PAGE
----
RHINELANDER - Last week, we spent three days telling you why the Northland Pines, Three Lakes, and Rhinelander school districts are asking for more money.
The explanation is complicated, but it boils down to this: schools don't get as much aid from the state anymore, so they need to cut programs and ask for money locally.
We also told you that especially in Rhinelander, programs will be cut if the referendum fails.
But the downside if it passes? Your taxes will go up.
Today, we spoke with a taxpayer who says he supports education, but not that equation.
Michael Kuczek has paid taxes to the School District of Rhinelander since 1996.
He voted for the first referendum when he moved here, but then his property taxes rose dramatically.
"Quite frankly, I never thought I would be a person who voted against a school referendum, it almost makes me feel like a tea party crazy," he said. "I'm all for a good education but I was taxed out of one house. That's not any fun."
Kuczek thinks his property taxes will go up about $250 per year if the referendum passes.
That wouldn't make or break his budget at this point, but he says the district needs to be more responsible with their budget.
"I certainly am not looking to gut the schools. I just don't want to have to pay more taxes. I don't want the school board to spend money that they don't need to," Kuczek said. "We still want good schools, it's foolish to think we can get by with poor schools. The country lives and dies on the strength of the middle class. One of the great strengths is education. Without education, I don't think we'd have a middle class, quite frankly. It's a question of balancing the needs for education of the middle class and the ability of the middle class to pay for it."
The Rhinelander referendum election is Tuesday, February 19.
The school district posted pages of financial and referendum information on their website.
WISCONSIN - Mud, debris, and damaged property still cover parts of Northern Iron County after a storm ripped through there more than two weeks ago.
The lack of money to repair certain areas is largely keeping the rebuilding process from getting started.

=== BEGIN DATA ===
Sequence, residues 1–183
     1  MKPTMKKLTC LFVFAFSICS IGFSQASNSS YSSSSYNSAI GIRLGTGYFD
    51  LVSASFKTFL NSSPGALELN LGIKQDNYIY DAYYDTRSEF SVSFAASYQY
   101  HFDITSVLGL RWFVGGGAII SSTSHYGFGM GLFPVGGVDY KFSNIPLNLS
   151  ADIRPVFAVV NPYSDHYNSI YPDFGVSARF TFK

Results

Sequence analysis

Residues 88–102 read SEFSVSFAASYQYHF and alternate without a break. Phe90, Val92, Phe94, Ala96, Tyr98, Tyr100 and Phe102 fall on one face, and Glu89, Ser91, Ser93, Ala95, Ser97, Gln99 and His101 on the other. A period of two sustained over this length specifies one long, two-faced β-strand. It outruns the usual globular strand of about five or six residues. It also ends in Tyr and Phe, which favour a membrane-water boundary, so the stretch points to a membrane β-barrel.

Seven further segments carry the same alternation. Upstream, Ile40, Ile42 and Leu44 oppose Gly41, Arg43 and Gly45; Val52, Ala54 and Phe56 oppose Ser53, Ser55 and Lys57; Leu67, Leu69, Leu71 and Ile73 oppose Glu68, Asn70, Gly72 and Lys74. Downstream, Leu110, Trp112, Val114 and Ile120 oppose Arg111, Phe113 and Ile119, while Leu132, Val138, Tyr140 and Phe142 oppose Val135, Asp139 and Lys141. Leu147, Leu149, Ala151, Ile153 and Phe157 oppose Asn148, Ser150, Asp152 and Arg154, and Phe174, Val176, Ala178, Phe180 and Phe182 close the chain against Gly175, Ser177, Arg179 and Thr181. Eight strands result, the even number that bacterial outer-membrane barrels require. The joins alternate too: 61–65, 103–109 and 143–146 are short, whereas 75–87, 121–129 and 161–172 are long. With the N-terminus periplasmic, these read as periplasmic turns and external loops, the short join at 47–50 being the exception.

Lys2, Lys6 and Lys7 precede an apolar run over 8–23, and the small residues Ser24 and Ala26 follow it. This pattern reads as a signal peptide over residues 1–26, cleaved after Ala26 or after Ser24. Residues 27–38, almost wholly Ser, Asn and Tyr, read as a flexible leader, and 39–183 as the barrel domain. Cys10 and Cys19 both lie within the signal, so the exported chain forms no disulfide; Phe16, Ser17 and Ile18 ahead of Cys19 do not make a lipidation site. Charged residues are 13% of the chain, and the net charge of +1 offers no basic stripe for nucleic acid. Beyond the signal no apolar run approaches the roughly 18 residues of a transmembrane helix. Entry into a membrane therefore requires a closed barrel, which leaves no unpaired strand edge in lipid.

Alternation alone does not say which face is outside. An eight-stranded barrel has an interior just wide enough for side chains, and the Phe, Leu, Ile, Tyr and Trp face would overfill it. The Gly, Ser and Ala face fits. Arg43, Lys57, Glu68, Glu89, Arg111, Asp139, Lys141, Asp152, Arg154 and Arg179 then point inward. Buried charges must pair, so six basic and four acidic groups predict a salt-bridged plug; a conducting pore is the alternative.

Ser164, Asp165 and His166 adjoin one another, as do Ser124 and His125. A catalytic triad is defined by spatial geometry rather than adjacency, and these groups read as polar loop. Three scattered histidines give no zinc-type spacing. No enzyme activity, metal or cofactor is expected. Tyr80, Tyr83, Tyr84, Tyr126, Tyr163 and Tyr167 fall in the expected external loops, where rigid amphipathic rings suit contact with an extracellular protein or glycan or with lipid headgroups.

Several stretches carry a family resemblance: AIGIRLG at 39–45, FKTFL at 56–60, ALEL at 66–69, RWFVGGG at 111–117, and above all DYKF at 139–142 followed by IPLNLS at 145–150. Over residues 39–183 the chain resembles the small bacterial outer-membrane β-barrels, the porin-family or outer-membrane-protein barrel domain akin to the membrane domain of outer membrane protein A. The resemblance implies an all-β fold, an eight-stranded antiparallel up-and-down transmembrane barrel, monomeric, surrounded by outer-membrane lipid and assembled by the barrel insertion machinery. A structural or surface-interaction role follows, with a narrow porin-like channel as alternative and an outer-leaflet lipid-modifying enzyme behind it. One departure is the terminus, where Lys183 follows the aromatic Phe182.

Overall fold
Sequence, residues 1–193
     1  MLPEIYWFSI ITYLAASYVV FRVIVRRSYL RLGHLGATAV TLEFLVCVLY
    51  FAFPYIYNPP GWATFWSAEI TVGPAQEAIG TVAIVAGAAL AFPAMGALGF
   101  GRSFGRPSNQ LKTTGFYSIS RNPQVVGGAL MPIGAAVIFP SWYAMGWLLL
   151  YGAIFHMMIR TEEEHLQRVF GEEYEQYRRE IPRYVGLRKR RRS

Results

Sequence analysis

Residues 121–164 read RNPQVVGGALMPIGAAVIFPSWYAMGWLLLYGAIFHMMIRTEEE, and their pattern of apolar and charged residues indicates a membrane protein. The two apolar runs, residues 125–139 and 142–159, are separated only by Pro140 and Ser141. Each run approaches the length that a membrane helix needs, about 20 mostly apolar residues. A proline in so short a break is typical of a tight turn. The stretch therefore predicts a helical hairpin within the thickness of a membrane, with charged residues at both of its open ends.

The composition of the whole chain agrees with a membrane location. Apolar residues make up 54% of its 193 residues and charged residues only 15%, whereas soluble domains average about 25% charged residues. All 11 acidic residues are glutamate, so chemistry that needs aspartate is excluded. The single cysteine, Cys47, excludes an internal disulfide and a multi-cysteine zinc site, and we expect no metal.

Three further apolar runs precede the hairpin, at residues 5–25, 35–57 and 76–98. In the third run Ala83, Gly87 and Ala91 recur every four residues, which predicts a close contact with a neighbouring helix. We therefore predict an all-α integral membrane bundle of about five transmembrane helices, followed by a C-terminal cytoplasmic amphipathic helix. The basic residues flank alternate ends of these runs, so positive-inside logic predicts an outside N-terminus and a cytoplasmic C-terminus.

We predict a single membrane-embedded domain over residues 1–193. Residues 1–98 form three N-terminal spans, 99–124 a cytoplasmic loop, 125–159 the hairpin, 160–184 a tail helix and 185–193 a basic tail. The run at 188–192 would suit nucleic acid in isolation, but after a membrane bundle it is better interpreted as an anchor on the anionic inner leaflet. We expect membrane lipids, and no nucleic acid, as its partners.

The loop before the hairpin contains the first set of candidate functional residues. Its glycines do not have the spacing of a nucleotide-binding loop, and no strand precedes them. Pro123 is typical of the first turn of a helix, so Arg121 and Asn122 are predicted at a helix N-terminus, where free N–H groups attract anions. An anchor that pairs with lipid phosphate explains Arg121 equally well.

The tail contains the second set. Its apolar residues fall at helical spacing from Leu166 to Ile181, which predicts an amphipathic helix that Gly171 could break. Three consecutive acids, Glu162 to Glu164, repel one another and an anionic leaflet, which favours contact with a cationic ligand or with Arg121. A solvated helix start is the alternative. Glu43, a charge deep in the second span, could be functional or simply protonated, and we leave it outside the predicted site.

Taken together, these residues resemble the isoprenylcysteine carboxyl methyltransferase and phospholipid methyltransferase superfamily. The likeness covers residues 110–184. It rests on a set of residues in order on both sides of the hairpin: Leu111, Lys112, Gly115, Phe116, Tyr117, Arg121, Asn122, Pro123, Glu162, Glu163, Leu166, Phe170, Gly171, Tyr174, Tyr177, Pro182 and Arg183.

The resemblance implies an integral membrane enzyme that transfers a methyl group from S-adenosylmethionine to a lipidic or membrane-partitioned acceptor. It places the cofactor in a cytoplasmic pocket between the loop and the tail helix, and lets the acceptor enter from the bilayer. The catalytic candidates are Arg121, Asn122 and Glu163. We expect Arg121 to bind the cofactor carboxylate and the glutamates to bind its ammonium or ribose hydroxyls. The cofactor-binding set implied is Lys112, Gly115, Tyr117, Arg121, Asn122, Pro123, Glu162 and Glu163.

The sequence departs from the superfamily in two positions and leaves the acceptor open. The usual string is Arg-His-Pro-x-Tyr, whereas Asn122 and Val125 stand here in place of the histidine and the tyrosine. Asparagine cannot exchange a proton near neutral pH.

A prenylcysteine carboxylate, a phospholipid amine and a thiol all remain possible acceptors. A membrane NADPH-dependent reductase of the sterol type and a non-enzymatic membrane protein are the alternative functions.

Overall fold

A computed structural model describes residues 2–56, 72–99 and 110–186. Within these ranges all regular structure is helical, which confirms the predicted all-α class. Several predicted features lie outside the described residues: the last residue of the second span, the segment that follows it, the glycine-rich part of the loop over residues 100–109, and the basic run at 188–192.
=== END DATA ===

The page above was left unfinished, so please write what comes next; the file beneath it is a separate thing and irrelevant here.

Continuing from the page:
That's why the Federal Emergency Management Agency came to Iron County Tuesday.
It surveyed the damage because of its severity and the extreme costs to fix.
"Really if it's beyond the scope of local jurisdiction, and even the states that respond," said FEMA External Affairs Officer Troy Christensen.
Wisconsin Emergency Management currently believes the damage caused by the mid-July storm is around $38 million across 10 counties and Bad River Reservation. Around $15 million of that happened in Iron County.
FEMA relies on local government like the ones in Iron County to help it assess damage.
"They have sights selected so they will be showing us a lot of these sights." Said Christensen.
Those sights included multiple towns, Saxon Harbor, and crumbled highways.
This week Iron County gave its damage estimates to FEMA.
RHINELANDER - Building a robot may seem like a pretty lofty summer camp goal, but teens in the Northwoods love the technological challenge.
It's all part of a summer camp that's heavy on science and social interaction.
13-year-old Sean Timm says the eight day robotics camp at Nicolet College mixed the best of both worlds.
"I like technology a lot more than I do outside stuff," Timm said. "It's kind of nice to have technology like drones to bring me outside. It's really fun."
Camp Instructor, Mike Wojtusik has many years of experience as a technology education teacher and robotics advisor. He wants kids to see the importance in learning these skills.
"The kids are getting experience from a mechanical engineering side, electrical engineering side, design, prototyping," said Wojtusik. "We try and cover as much as we can about the whole entire system."
Learning about robotics isn't the only thing these students do. Some of them are also exercising skills they'll need in the future.
"I think it's a great experience for them to understand what really goes on in the real world as far as a career," Wojtusik said.
Certain careers that often require teamwork.
"Challenging part is working with a team because you don't always agree on the same thing," said 12-year-old Louis Malais. "When you build a robot you do the most teamwork than I think in any other job."
As their final project, students design and build their own version of a remote control robot.
They are required to work in teams to sketch a vision, make prototypes and design a working model with aluminum.
"It's not just you know operating a piece of machinery, it's learning how that machinery is put together," Wojtusik said.
Students are piecing together machines and building future careers at the same time.
"If I were to get an opportunity to do something like this in the future, I would definitely take it," Timm said.
Throughout the course of the camp, students were exposed to prototyping, brainstorming, modeling, safety and sketching.
The last day of the robotics camp is scheduled to be Thursday, July 28.
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